Examination phase of the Master’s thesis: a plausible cause of delayed completion of graduate studies at Makerere University, Uganda
Oonyu, Joseph C.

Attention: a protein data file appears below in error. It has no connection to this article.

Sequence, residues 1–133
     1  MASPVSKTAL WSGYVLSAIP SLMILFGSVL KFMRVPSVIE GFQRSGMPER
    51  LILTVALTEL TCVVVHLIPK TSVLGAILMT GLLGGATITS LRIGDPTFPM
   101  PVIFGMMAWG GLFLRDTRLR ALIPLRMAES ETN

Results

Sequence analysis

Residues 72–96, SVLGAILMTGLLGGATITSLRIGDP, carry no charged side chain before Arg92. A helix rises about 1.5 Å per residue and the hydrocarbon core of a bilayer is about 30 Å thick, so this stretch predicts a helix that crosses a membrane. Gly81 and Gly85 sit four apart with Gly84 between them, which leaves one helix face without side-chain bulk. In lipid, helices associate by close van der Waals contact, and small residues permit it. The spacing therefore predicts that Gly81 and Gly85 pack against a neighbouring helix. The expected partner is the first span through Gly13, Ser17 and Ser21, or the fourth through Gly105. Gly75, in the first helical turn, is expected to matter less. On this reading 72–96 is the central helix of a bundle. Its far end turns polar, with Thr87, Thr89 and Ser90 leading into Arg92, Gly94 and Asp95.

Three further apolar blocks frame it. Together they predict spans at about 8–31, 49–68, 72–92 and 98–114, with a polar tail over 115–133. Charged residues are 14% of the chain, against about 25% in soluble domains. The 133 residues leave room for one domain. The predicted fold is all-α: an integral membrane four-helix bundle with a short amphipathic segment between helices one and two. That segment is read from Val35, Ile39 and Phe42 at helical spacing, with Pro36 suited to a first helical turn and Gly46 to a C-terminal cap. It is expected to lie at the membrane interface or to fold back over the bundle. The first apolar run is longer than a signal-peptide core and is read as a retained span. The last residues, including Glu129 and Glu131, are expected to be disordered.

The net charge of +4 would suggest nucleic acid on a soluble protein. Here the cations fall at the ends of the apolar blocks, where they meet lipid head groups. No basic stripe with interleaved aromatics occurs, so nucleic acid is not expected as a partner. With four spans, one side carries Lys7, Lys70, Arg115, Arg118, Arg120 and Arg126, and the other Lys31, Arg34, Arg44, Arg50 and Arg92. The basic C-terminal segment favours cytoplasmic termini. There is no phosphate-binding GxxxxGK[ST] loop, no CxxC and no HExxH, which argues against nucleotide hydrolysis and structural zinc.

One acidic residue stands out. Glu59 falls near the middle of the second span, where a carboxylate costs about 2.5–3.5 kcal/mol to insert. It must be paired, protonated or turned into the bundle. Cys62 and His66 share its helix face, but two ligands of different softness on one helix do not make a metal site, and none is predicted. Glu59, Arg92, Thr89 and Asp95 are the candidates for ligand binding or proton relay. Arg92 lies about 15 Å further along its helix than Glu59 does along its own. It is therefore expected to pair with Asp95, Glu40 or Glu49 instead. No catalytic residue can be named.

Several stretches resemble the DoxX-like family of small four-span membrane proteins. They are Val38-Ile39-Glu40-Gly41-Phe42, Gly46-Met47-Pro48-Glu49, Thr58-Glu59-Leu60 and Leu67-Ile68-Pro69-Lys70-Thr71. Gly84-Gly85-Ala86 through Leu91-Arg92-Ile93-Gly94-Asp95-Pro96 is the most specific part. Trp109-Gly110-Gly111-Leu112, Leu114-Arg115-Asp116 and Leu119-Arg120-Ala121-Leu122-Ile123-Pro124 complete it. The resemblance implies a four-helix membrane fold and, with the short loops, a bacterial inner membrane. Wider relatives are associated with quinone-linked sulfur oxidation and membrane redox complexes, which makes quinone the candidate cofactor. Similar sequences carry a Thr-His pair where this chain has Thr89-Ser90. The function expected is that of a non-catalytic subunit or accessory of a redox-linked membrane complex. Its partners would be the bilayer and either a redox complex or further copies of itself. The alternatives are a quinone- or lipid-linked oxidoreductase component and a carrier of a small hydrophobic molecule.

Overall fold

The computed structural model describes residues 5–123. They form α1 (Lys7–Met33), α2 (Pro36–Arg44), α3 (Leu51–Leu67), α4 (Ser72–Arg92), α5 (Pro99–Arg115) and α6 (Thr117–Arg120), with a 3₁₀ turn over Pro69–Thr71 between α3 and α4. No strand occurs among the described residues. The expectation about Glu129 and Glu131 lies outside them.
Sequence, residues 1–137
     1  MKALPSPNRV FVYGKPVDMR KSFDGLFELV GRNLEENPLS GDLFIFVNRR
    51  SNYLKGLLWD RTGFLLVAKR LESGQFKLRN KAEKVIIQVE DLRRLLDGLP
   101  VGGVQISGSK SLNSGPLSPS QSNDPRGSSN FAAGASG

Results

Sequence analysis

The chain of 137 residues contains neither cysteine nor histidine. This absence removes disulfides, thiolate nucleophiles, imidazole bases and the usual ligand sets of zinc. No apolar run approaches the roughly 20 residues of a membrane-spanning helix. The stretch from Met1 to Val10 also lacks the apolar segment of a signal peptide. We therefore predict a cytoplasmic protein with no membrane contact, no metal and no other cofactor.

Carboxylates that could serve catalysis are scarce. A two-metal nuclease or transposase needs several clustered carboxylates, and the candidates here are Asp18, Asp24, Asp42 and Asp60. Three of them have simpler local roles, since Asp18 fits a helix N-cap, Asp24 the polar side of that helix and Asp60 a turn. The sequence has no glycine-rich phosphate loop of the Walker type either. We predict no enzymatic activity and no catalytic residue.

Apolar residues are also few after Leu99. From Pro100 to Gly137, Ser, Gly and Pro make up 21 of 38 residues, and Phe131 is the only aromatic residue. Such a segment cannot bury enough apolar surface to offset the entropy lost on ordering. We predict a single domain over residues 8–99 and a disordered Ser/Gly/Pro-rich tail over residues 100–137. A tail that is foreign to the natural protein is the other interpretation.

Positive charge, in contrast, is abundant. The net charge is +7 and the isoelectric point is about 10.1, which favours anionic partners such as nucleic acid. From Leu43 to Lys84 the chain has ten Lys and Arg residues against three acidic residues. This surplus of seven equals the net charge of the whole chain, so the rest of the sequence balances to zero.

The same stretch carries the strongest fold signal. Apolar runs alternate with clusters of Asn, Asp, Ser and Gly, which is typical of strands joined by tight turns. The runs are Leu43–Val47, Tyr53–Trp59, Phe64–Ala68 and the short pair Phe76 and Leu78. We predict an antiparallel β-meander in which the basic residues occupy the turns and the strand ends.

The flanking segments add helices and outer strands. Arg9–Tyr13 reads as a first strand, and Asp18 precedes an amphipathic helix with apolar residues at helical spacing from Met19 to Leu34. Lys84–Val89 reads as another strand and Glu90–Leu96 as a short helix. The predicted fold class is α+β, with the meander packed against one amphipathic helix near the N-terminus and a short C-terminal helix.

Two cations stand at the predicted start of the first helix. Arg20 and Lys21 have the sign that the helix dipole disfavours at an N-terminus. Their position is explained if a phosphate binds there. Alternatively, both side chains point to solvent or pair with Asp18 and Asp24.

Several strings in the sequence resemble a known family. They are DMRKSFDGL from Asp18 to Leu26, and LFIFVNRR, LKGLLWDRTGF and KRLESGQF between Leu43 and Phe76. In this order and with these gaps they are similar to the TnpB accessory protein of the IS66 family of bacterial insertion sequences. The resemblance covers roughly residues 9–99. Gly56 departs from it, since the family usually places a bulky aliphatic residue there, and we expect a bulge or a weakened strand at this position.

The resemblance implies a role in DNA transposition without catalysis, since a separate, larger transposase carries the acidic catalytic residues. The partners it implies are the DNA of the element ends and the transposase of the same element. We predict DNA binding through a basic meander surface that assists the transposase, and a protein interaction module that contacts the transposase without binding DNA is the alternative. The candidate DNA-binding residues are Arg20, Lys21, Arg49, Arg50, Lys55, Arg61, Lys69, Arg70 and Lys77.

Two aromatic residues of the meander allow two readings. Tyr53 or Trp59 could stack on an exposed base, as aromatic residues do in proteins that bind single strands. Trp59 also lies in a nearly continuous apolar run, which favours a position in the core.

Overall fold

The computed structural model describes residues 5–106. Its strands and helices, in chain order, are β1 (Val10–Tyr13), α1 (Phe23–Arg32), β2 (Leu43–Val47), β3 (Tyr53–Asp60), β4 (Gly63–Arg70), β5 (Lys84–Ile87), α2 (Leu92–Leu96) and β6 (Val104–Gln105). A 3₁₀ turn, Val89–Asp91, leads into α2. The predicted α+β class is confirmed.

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This paper investigates the influence of the examination stage of student theses on the completion time of graduate studies at Makerere University, Uganda. The assessment is based on the administrative data of 504 Master’s degree students in the 2000 to 2008 enrollment cohorts at the School of Education, Makerere University. The total elapsed time from submission of a thesis for evaluation to a viva voce was adopted as a measure of the examination period. Additionally, the period from viva voce to submission of the final thesis was investigated. The analysis included frequency distribution, summary statistics, and a Pearson Chi-square test. A median examination period of 11 months (range, 1–55), in the results, is a lengthy one when compared to the two-year stipulated duration of Master’s studies at the University. Subsequently, the fact that about six in every ten students (59.9%) submits a final thesis beyond a months’ period after a viva points to further delays in the review process of students’ reports. No significant variations in the submission period were observed by student characteristics. In sum, the findings underscore the need to strengthen administrative support systems, particularly aspects related to the review process of student’s reports, to ensure students’ timely completion of graduate programs.